The chip-maker has a burgeoning portfolio of startup investments worldwide, including 20 or so deals in India, but in Asia it has tended to focus the majority of its investing on China. In announcing its upcoming India fund, the U.S. firm said it’s looking at mobile (of course!), and in particular: hardware, software, commerce, health, location services and retail tech. The capital will be deployed across “all stages,” so we aren’t necessarily just talking about early-stage deals here.
To give some idea of how that shakes out in reality, Qualcomm has invested in Yourstory, a news site focused on stories of entrepreneurship, healthcare tech firm Portea Medical, and digital mapping startup MapMyIndia. That’s quite a diverse mix, and it’ll be interesting to see if that continues when the stakes are amped up.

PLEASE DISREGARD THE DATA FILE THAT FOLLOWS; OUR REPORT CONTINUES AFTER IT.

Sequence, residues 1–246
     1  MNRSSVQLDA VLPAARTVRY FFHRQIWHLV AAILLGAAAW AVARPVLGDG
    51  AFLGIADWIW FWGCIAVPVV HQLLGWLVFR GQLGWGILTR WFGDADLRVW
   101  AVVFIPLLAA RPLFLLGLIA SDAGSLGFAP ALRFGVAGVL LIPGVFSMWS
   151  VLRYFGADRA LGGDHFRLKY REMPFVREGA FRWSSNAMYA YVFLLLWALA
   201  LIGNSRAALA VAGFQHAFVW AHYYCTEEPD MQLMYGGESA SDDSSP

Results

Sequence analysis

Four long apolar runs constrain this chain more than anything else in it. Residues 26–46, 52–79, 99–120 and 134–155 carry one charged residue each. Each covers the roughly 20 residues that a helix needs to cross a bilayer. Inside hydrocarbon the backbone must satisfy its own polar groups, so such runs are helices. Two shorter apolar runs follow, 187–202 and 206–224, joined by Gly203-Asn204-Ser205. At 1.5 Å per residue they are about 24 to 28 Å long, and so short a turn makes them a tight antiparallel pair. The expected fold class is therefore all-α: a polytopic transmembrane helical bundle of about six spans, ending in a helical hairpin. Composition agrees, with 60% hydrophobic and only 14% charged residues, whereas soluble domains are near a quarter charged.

Other new funds operating in India include Tiger Global (a whopping $2.5 billion), and Accel ($305 million). Helion Ventures is closing in on a new $300 million fund, while SoftBank has pledged to spend more than $10 billion on deals with India-based startups, too. Sequoia, SAIF and Lightbox are among other well-funded and active startup investors in India.
News of Qualcomm’s new commitment to India came as part of Indian Prime Minister Narendra Modi’s visit to the U.S. A flurry of news items related to that trip included Facebook’s rebranding of Internet.org, a Q&A between Mark Zuckerberg and Modi, Google’s pledge to bring wireless Internet to India’s train stations, and more.